Leading a Balanced Life

Leading a Balanced Life

Philippians 3:13-14 Straining towards what is ahead, I press on toward the goal to win the prize for which God has called me heavenward in Christ Jesus.

Discipline is often frowned upon as a negative concept.

It often conjures images of punishment or oppressive patterns of rigid routines and daily deprivations that lead to a life of misery.

However, we need to look at discipline as a friend, not a foe. How does anyone reach their goals? – Through discipline. An athlete trains rigorously to reach their physical and competitive goals. A surgeon studies and practices for years before obtaining the necessary skills for their specified work.

Through discipline comes reward. For example, physical discipline through exercise and a balanced diet will bring us a fit body, increased energy levels, resistance to sickness, higher concentration levels and an improved self image.

No Room For Complacency

As Christians, we all have the goal to live for God. We have all been called to become more like Jesus, to witness of His love to the world, to build relationships with Him and others, to serve Him joyously in the church and community, to enjoy the fruits of our labour, along with the gifts and blessings God has for us each day! However, if we don’t lead a disciplined life we will not attain what God has for us. If we are serious about our relationship with God, we dare not approach His purposes for us with a complacent attitude. This will only lead us down a path of mediocrity, shame and regret!

Jesus is our example. Each day He made time to commune with his Father no matter how busy He was. He developed deep relationships with His disciples. He served those around Him and witnessed God’s love to the world. He even made time for enjoying parties and feasts! Jesus led a balanced life. He knew clearly the goals He had and He structured His life to accommodate them.

Living a Balanced Life Helps us Reach God’s Goals for Us

We too need to be focused on the goals God has for us and structure our lives to feed them. We need to discipline ourselves to spend time with God each day in prayer and bible study, leading us to a closer relationship with Him and a growing character. We need to make time to develop relationships with others so that we can enjoy deeper and more satisfying friendships. We need to work as if we are working for God and not man, so that we honour Him in our workplace and develop the reputation as a diligent and trusted worker. We need to dedicate ourselves to serving our church with the specific and special job/s that God has for us, so that those around us are built up in their faith. And of course we must enjoy the gifts and pleasures God has given us. To persevere toward the goals Jesus has called us, we must lead a committed, balanced life. God’s path for us is not easy, but like the athlete who wins gold at the Olympics, or the surgeon who performs life-saving operations each day, we will be rewarded for our efforts if we persevere.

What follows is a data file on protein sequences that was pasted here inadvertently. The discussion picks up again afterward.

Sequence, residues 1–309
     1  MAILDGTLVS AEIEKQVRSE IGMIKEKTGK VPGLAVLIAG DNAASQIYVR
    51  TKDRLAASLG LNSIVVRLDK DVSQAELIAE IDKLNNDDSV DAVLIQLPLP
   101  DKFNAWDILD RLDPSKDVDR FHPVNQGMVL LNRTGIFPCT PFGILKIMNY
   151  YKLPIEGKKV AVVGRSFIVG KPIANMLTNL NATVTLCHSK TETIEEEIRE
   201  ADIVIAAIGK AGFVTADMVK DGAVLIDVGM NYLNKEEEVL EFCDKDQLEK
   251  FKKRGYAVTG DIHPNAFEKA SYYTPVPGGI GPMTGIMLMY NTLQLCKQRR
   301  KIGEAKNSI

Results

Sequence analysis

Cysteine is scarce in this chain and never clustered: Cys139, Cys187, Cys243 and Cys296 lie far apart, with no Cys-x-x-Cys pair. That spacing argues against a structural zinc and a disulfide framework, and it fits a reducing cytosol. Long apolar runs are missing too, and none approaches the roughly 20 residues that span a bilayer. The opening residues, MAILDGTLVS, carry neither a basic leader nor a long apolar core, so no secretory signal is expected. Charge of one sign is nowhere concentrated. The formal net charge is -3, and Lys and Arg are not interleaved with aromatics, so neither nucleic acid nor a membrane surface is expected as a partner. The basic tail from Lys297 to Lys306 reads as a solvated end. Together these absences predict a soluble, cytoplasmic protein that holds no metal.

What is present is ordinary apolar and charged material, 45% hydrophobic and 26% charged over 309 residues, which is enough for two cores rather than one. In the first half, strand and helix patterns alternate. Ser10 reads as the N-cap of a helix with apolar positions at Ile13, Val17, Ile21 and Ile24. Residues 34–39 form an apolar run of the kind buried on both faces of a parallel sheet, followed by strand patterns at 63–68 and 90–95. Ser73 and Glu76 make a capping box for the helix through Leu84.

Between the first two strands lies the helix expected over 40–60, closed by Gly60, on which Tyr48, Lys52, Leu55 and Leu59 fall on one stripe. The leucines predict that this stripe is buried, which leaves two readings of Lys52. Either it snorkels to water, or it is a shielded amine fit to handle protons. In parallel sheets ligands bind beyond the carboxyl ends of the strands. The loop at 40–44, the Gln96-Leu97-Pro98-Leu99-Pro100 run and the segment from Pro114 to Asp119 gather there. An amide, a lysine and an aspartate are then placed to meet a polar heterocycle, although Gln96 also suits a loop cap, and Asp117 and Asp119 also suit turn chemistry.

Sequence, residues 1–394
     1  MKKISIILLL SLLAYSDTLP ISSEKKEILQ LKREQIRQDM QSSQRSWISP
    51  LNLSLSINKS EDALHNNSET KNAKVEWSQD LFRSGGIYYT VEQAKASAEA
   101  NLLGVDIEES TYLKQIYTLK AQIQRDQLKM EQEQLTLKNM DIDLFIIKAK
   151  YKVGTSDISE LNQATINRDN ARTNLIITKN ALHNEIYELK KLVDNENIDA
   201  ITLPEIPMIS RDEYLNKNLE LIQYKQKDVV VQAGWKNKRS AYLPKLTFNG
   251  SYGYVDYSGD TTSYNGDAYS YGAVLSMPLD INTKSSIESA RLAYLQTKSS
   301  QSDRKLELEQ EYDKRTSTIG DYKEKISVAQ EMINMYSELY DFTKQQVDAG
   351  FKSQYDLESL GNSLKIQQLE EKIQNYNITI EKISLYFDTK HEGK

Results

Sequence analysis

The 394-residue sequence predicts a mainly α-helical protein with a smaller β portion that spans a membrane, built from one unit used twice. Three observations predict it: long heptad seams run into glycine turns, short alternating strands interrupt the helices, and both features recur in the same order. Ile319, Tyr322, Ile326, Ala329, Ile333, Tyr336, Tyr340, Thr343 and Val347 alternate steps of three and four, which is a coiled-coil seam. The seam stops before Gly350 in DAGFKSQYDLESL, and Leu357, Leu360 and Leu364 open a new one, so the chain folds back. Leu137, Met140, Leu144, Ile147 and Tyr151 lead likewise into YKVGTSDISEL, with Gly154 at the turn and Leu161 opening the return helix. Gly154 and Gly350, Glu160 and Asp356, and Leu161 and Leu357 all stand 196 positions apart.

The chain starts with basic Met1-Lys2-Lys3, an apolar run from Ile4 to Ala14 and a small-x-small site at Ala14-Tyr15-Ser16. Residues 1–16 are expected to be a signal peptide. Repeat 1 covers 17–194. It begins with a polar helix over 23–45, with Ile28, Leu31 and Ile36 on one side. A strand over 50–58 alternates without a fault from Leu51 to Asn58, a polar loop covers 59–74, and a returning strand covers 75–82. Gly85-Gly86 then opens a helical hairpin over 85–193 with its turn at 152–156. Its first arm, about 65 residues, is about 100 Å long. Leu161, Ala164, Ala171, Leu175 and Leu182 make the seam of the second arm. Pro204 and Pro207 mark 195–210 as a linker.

What do we need to do, or give up, to lead a more balanced life? Into what areas of our life do we need to invest more more discipline – daily time with God, developing kingdom changing relationships, leading a more physically healthy lifestyle, or just kicking back? God has called us to be wise and diligent. We are to lead a structured, disciplined life, yet allow room for spontaneity and fun!

God loves us and wants us to experience all the spiritual riches and pleasures He created us for… so let’s do what we can to experience it!


  1. Rob Oster

    Yay. At last, others who see discipline as part of a balanced life. I wont go into gory detail, but I recently had a very poor experience with a church leader who believes that love supersedes any requirement for discipline. What ever happened to the truth spoken in love? I’ll tell you what happened to it — you have exposed it. Thank you.

    • Stu

      Thanks for your feedback Rob. I feel discipline has become a unpopular word as people connect it to legalistically following a bunch of rules. However it’s quite the opposite, as I feel biblical discipline is meant to free us to enjoy God more in our lives. We all need boundaries and “disciplines” that help us to draw closer to God and therefore enjoy Him more and be more effective in ministering Him to others.

  2. Stu (Author)

    Hi Julian… good point 🙂 Some good references would be 1 Timothy 4:6-8 in reference to training ourselves to be more honoring to God, Matt 22:37-38 with reference with loving God with all we have and loving others as ourselves (clearly that means making God and others a priority), and of course Matthew 14:23 with reference to Jesus making a point of going to spend time with His Father in prayer.

    It’s also worth noting that the general principles taught in the New Testament highlight our need to invest our energy and time into God and others. How can one grow to be more like Christ if we are not investing into others’ lives?

    Anyway just a few thoughts. Thanks again for your feedback. Hope to hear from you again soon.

    • julian

      I stu…I really resonate with your heart and passion to lead a disciplined life. You’re web site if fantastic too. Hope to meet you one day when I come to Melbourne…
      Check this out Stu…www.esisite.com/gospel
      Bless you

  3. Marie

    Hi, I found this post in my search for how to live a balanced life.

    I am a member at a church my father Pastors. Recently (past 2 or so years) he’s developed this idea and acts as if we, as Christians, should not have jobs, go to college, or do anything secular. He calls taking care of everyday life “being a martha”.